*NEW* SPIDER-MAN: HOMECOMING REVIEW *NEW*

Spidey’s back! Third reboot’s the charm?

Several months after the events of Captain America: Civil War, Peter Parker (Tom Holland), with the help of his mentor Tony Stark (Robert Downey Jr), tries to balance his life as an ordinary high school student in New York while fighting crime as Spider-Man as a new threat, the Vulture (Michael Keaton), emerges.

I was furious when I heard that Spiderman was being rebooted yet again. I grew up with the Maguire movies and thought he was the best Spidey. Plus he gave us all these incredible shots. I mean, come on . . .

 

 

Although I tried to watch the 2002 entry (15 years?!) the other day and thought it was pretty cringe inducing watching a bunch of people in their mid-20s to 30s pretending to be 16. Yikes. It already felt dated and far too corny for its own good. While Spiderman 2, on the other hand, is still fantastic.

I liked Andrew Garfield BUT felt the Amazing Spiderman movies did more damage to the franchise than Spiderman 3. Especially Part Two. Dreadful doesn’t come close to expressing my disappointment with that movie. Shame.

Civil War was one of the best Marvel movies. Surprisingly, the biggest scene stealer out of the ever-growing and incredibly talented cast was . . . Spidey himself. I was really impressed with Holland’s cameo. So much so that I was actually looking forward (and dare I say excited) to watching Homecoming.

So after that rambling prologue, did Holland deliver on his first full feature debut?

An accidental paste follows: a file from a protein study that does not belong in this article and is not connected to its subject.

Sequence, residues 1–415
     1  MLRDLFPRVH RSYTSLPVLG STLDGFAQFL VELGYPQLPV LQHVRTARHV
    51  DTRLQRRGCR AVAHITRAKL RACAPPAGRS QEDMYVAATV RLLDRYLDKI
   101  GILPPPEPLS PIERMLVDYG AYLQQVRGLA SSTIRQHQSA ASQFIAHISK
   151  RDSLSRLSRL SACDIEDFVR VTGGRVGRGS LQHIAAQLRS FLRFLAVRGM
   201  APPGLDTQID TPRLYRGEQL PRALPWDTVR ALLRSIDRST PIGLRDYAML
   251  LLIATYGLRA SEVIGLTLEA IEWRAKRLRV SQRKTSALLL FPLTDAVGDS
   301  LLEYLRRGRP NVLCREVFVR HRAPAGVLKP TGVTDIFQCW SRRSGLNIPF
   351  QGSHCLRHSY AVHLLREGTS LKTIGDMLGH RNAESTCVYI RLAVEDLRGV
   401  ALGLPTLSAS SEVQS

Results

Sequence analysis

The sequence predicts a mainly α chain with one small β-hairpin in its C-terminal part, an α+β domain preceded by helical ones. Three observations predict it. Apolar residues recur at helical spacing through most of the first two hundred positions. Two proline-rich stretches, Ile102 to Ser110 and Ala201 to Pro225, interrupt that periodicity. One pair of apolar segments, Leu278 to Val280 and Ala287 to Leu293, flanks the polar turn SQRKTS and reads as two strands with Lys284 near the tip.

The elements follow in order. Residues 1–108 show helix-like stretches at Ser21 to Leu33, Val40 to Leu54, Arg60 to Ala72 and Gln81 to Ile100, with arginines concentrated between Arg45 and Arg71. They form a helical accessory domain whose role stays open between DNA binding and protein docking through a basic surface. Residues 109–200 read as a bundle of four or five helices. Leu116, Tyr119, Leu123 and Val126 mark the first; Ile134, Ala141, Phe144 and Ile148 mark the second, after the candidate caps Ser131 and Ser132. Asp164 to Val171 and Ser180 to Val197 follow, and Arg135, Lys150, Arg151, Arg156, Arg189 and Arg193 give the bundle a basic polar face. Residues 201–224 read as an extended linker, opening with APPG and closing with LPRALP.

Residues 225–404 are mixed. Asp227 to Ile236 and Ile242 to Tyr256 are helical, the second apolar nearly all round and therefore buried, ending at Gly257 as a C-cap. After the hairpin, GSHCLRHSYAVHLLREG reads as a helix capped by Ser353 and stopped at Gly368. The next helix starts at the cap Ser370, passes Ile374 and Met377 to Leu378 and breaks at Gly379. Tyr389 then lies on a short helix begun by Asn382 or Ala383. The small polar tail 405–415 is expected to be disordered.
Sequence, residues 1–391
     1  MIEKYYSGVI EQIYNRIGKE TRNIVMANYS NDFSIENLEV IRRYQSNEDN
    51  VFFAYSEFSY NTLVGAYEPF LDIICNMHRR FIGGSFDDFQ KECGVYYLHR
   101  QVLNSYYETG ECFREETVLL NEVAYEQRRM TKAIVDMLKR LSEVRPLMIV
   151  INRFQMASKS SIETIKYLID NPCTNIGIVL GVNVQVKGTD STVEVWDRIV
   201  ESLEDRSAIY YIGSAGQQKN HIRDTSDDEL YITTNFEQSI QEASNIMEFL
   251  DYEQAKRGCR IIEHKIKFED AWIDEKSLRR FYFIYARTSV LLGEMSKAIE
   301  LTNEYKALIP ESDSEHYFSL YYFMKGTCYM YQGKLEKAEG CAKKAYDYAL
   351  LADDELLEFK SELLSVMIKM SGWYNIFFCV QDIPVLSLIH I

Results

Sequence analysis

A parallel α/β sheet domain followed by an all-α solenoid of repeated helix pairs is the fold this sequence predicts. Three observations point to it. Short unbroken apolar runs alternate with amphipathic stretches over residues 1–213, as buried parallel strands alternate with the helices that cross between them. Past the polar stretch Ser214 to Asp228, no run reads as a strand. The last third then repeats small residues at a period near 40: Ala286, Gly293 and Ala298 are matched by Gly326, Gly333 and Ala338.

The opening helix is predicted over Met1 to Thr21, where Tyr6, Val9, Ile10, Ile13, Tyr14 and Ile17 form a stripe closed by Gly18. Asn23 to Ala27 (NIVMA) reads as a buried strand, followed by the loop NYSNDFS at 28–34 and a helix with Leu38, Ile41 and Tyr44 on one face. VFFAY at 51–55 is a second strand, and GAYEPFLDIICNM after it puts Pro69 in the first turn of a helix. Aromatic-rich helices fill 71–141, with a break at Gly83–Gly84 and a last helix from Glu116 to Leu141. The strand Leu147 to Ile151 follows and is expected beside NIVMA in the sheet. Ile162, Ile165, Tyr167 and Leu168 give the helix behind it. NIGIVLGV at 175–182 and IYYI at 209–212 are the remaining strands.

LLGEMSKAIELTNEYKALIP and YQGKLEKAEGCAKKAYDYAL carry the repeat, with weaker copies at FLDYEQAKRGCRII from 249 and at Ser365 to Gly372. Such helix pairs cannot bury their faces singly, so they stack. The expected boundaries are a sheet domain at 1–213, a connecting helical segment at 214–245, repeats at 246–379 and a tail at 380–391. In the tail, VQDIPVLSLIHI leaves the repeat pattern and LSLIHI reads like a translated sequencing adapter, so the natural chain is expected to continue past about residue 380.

In a nutshell, he didn’t disappoint! Good fun all round!

The energy and quick witted humour was cranked up to 11. Holland’s fast talking and rampant energy was a much needed injection to a franchise (I feared) couldn’t be revived.

The opening didn’t mess about. It set up the baddie, brought in the hero and got down to business.

Homecoming was an origin movie without being one (if that’s possible). We didn’t have the spider bite. We’ve had 5 movies (and a vastly rich comic book backlog). We all know how he got his powers. And just in case, you didn’t; a passing comment was enough to suffice.

The producers have done their homework. Using the predecessors as a base to explore unmarked territory. Hardly a spoiler BUT there wasn’t even another soul destroying Uncle Ben killing back story.

If anything, this felt like, as Stark so rightly put it, “Spiderman in training wheels” mode. A much lighter effort.

The humour was fantastic as Spiderman tried to help his neighbourhood. Rescuing stolen bikes, giving people directions and swinging around the city. All to the beat of a cracking soundtrack.

The high school melodrama was a little tame for me. Watchable and fun BUT I want my superheroes battling something darker than popularity and a high school crush.

Zendaya was funny but her role felt a little unnecessary and out of place. Jacob Batalon was the scene stealer as Peter’s nerdy partner in crime, Ned. The clumsy duo delivered some of the better laughs.